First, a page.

When the inspecting beam is incident on the pinhole defect 33, the intensity of the partial transmitted light beam becomes higher than the reference intensity. As a result, the electric voltage of the second detection signal becomes higher than the reference electric voltage, as specified by levels appearing within time intervals (b) and (c) of FIG. 4.

When the inspecting beam is incident on the particle defect 34, the intensity of the partial reflected light beam becomes higher than the reference intensity and results in production of the first detection signal which has a voltage level higher than the reference electric voltage, as specified by levels appearing within time intervals (a) and (c) of FIG. 3.

At any rate, each of the partial reflected light beam and the partial transmitted light beam has a variable level or amplitude dependent on each size of the particle and the pinhole defects and varies the amplitude or level of each of the first and the second detection signals. In this connection, each amplitude or level of the first and the second detection signals is classified into three ranks with reference to first, second, and third threshold levels depicted at Lr, Mr, and Sr shown in FIGS. 3 and 4. The first threshold level Lr is determined for a defect of a large size and is higher than the second threshold level Mr determined for a defect of a middle size. The second threshold level Mr is higher than the third threshold level Sr determined for a defect of a small size. Accordingly, each of the particle and the pinhole defects may be judged as being of a large size when each of the first and the second detection signals has a level over the first threshold level Lr. In this case, each of the first and the second detection signals is classified in a highest one of the three ranks that will be specified by L.

When each of the first and the second detection signals has a level between the first and the second threshold levels Lr and Mr, both inclusive, a defect may be classified in a middle rank of the three ranks that will be specified by M.

Likewise, a defect may be classified in a lowest one of the three ranks that will be specified by S when each level of the first and the second detection signals is intermediate between the second and the third threshold levels Mr and Sr, both exclusive.

When each level of the first and the second detection signals is equal to or lower than the third threshold level Sr, such detection signals may be processed as noise. This means that an inactive region is determined by the third threshold level Sr.

Now, it has been found that the second detection signal becomes weak as compared with the reference level (0) when the first detection signal belongs to the highest rank, as specified by levels appearing within each time interval (a) of FIGS. 3 and 4 when a large size of a particle defect is scanned by the inspecting beam. In this case, it is to be noted that the second detection signal is temporarily lowered to a negative level, and is thereafter quickly changed from the negative level to a positive one, as shown in FIG. 4. Such a quick change of the partial transmitted light beam brings about occurrence of an overshoot portion in the second detection signal. Thus, there is a probability that the second detection signal has the positive level on detection of a particle defect of a large size, despite the fact that no pinhole defect is present on the photomask blank. Such a positive level of the second detection signal is erroneously regarded as occurrence of a pinhole defect in a conventional inspecting apparatus.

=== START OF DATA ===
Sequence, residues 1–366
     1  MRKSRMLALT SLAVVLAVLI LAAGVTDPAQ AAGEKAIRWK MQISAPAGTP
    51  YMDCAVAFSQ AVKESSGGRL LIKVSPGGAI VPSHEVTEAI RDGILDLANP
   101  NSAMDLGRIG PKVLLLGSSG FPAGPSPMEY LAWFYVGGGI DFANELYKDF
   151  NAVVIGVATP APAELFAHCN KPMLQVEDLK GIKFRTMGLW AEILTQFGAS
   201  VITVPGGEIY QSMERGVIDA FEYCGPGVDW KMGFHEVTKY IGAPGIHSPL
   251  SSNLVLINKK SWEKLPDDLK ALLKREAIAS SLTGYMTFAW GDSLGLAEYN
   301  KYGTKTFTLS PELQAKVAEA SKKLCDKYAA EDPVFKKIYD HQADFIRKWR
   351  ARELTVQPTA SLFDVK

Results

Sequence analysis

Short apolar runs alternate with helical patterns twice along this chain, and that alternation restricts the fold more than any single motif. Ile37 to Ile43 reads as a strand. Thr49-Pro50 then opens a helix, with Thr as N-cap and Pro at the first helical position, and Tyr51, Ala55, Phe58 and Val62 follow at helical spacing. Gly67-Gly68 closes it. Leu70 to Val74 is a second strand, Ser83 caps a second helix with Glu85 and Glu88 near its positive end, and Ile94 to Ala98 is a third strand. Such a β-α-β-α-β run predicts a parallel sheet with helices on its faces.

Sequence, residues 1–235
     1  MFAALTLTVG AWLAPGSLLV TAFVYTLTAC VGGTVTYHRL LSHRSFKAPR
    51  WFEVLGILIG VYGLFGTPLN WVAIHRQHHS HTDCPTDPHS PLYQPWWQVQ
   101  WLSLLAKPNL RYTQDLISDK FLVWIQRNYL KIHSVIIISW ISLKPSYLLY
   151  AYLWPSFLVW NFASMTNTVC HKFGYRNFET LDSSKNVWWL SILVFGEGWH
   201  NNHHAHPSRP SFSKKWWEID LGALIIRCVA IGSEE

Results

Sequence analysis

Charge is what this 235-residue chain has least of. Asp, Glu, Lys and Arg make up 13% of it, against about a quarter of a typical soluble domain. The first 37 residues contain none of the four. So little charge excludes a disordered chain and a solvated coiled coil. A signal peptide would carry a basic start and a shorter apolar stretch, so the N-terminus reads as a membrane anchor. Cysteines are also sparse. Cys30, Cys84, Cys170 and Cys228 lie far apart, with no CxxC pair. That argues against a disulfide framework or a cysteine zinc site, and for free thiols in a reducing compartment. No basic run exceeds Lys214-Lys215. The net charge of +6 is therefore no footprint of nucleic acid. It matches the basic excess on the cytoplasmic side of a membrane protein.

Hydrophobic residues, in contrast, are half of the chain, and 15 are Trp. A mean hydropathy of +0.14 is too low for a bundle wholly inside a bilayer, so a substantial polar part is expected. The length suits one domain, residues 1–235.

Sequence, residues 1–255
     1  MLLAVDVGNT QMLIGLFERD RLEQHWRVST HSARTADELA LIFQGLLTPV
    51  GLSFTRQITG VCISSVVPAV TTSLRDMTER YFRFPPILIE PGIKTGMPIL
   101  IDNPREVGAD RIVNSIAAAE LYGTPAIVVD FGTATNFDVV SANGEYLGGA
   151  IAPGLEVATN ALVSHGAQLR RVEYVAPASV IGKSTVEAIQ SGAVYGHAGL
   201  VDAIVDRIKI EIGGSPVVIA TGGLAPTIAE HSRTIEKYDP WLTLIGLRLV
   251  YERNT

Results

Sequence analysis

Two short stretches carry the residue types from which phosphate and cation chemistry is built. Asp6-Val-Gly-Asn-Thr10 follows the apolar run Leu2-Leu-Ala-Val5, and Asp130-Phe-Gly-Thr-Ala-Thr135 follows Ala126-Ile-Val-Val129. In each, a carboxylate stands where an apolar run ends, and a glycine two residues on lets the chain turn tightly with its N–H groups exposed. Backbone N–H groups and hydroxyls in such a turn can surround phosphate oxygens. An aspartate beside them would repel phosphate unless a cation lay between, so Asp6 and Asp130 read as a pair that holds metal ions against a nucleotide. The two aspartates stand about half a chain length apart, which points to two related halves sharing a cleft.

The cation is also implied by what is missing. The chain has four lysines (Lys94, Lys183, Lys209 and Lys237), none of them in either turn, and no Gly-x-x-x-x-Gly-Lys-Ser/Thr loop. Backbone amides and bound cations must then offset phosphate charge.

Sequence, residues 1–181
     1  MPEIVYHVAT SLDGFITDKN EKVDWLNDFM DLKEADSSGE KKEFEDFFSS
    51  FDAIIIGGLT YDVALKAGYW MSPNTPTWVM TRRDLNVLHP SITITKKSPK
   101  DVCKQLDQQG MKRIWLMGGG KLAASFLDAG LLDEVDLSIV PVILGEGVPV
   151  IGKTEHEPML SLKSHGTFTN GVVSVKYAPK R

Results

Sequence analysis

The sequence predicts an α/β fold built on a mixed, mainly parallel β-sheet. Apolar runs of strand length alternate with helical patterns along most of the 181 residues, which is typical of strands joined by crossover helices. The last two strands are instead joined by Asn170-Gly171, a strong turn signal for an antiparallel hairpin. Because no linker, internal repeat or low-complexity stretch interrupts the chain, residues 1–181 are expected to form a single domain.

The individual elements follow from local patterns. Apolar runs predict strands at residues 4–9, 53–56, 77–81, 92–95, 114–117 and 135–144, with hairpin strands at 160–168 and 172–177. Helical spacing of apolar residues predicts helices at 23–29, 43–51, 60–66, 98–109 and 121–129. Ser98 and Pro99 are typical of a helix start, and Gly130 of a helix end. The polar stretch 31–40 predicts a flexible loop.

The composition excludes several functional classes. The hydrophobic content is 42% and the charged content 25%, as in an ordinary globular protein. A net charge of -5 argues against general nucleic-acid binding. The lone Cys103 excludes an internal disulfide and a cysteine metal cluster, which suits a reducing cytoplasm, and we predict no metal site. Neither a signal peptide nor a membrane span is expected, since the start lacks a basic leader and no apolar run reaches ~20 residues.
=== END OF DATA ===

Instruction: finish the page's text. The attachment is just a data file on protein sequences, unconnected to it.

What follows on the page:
Under the circumstances, it is possible to avoid erroneous detection of the overshoot portion as the inactive region becomes wide. However, such a wide inactive region makes it difficult to accurately detect each defect.

With the inspecting apparatus, it is possible to avoid an error which results from a particle defect of a large size in the manner which will become clear later.

Referring to FIG. 5 together with FIGS. 1 through 4, operation of the control unit 20 will be described in detail. The top surface of the object, namely, photomask blank 12 is divided into a plurality of unit areas. The inspecting apparatus carries out inspecting operation at every one of the unit areas.

In FIG. 5, the inspecting operation begins from a first step S1 of receiving the first and the second detection signals in the CPU 22 through the interface 21. The first and the second detection signals will hereafter be collectively simply called a detection signal.

The first stage S1 proceeds to a second stage S2 at which each of the first and the second detection signals is judged by the CPU 22 to determine whether or not a defect or defects are present in the unit area in question. When any defects are present on each unit area, a number signal of "01" is written in the first address (depicted at x(1)) of the memory 23. Otherwise, a number signal of "00" is written in the first address x(1). Under the circumstances, the number signals "01" and "00" may be called a defect presence signal and a defect absence signal, respectively.

The second stage S2 is followed by a third stage S3 to judge whether or not the number signal of "00" is stored in the first address x(1). When the number signal of "00" is stored in the first address x(1), the third stage S3 returns back to the second stage S2. Otherwise, the third stage S3 proceeds to a fourth stage S4 of discriminating a species of the defect indicated by each of the first and the second detection signals.